Broadcasting watchdog: Fairness instead of 50/50 airtime during abortion referendum

The broadcasting watchdog has said presenters can provide fair and objective views during the Eighth Amendment referendum campaign as opposed to having to ensure there is even time for each side in the debate.

However, the Broadcasting Authority of Ireland (BAI) has confirmed that rules will not be applied to social media coverage during the campaign, including on sites such as Facebook.

Launching guidelines for upcoming referenda, the BAI restated that any television or radio presenter with specific views during a campaign should be kept off-air. This is in line with previous guidelines.

Updated rules for broadcasters will come into play between six and eight weeks prior to a referendum.

BAI chief executive Michael O’Keeffe said the role of presenters is to inform the public.

The guidelines published today include a strong emphasis on how fairness, objectivity, and impartiality can be achieved, and how this is broader than a consideration of airtime for campaign groups

 

“The BAI is keen to emphasise that this does not include a requirement for artificial balance,” he said.

In the past when covering referenda campaigns, some shows have ensured there was 50/50 airtime given to each side or guest. 

This often reduced debates to clock-watching exercises, it has been claimed. The guidelines say this is not necessary.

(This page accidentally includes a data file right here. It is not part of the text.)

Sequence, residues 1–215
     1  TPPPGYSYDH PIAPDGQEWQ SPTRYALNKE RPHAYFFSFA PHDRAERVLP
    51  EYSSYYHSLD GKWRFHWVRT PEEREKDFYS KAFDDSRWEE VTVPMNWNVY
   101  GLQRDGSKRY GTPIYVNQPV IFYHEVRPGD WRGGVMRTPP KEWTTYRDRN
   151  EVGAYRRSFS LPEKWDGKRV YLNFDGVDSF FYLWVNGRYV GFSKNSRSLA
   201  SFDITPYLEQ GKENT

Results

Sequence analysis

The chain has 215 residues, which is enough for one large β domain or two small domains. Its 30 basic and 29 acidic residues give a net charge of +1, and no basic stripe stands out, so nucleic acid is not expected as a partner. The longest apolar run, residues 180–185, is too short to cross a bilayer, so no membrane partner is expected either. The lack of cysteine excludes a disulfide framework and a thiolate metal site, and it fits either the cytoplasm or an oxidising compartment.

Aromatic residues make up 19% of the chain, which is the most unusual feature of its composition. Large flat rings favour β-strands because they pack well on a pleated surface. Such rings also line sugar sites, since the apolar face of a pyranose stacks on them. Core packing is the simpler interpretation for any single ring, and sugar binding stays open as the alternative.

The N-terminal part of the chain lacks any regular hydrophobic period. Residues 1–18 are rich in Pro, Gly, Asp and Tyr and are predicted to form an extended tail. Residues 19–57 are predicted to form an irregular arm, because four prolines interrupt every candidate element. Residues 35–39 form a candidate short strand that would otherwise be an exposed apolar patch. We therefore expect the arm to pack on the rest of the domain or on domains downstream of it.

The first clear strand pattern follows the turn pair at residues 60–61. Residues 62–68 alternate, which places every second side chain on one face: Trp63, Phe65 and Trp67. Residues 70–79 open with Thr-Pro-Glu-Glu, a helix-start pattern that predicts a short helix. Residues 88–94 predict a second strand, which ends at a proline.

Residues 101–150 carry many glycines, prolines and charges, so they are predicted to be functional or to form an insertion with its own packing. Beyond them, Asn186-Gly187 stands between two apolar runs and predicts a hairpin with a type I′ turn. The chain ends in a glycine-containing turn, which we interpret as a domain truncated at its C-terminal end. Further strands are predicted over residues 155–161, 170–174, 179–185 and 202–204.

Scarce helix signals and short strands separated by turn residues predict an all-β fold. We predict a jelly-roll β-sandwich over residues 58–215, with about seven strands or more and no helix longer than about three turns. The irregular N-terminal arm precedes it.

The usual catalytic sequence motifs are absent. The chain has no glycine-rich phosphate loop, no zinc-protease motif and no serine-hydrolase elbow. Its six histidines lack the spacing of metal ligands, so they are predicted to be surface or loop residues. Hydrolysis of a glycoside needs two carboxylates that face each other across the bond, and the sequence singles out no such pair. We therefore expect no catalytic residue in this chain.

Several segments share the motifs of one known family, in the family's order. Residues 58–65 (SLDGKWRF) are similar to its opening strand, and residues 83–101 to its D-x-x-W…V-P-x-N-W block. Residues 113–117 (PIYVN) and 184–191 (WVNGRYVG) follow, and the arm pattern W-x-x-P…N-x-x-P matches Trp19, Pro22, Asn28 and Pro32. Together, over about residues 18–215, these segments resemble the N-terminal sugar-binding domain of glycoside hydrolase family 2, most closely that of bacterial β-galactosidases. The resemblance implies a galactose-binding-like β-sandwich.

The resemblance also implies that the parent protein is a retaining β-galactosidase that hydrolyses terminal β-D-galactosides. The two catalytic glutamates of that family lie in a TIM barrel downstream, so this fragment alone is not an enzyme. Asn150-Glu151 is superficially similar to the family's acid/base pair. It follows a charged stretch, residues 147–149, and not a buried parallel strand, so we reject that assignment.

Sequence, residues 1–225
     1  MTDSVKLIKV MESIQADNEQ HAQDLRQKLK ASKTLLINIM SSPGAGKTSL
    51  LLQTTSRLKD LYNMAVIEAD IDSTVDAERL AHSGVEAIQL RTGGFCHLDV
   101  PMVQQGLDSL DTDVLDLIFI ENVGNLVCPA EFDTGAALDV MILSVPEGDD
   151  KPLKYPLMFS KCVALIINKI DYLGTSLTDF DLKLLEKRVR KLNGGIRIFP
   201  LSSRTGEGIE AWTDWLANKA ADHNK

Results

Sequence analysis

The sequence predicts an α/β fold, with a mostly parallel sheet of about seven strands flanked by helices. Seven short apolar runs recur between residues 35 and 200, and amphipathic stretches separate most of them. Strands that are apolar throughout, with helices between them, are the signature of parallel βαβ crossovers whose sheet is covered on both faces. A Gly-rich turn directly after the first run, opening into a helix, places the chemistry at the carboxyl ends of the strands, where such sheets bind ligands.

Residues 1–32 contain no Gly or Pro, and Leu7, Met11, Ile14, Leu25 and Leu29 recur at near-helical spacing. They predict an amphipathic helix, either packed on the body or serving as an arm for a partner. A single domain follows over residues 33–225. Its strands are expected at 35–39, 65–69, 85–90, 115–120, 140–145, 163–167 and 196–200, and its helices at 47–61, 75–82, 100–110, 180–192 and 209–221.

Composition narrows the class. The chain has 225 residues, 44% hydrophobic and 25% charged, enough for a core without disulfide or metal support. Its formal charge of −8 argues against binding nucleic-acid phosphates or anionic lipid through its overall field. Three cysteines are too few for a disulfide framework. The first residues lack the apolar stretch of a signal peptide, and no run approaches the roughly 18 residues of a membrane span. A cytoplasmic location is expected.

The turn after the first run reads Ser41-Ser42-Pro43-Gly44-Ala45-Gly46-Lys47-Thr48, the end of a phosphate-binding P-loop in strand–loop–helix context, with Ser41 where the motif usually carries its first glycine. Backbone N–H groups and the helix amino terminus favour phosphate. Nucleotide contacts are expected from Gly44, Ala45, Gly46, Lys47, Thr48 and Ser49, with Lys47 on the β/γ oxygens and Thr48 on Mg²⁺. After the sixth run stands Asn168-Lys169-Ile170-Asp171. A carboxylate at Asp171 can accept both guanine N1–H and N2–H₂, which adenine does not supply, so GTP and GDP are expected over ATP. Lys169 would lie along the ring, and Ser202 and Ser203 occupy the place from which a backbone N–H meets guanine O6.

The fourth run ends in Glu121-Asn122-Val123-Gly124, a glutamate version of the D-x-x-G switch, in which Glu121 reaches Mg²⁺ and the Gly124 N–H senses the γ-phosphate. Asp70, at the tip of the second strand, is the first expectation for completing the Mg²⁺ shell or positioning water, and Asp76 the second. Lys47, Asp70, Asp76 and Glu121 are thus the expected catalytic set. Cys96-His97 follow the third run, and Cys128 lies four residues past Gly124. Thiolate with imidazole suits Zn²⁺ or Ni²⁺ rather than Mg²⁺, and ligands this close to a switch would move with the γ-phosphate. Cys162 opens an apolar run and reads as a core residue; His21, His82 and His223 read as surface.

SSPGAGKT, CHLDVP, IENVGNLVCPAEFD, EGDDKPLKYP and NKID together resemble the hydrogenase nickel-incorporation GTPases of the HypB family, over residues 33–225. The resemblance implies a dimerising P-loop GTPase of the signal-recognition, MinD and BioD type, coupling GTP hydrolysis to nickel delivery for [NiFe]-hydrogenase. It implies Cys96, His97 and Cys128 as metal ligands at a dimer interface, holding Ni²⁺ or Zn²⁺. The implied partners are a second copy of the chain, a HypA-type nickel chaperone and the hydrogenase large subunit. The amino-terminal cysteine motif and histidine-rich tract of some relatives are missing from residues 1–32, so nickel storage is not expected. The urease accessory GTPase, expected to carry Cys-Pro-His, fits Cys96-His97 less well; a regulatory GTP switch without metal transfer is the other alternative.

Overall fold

However, BAI also advised that presenters should not be on air if they have a certain view during a campaign. Equally, presenters cannot endorse any one position.

Political advertisements during referenda campaigns will also be banned and a traditional moratorium will apply from 2pm the day before polling closes.

BAI Chief Executive Michael O'Keeffe
BAI Chief Executive Michael O'Keeffe

The BAI said there had been few breaches of guidelines upheld during previous campaigns and that the last was during the Lisbon Treaty vote in 2009.

However, it also confirmed there would be no supervision of online debate or of social media networks. 

While EU legislation is being debated on the matter, Mr O’Keeffe said he did not think there would be any requirements on Facebook or similar networks anytime soon. 

Such a scenario means it is possible for campaigners to broadcast online without any objectivity and even ignore the moratorium.

Separately, the BAI also confirmed that guests should not be banned from shows just because they are involved in a campaign. 

This follows a decision previously by a TV3 cooking show to pull Minister for Children Katherine Zappone because of her position on abortion.

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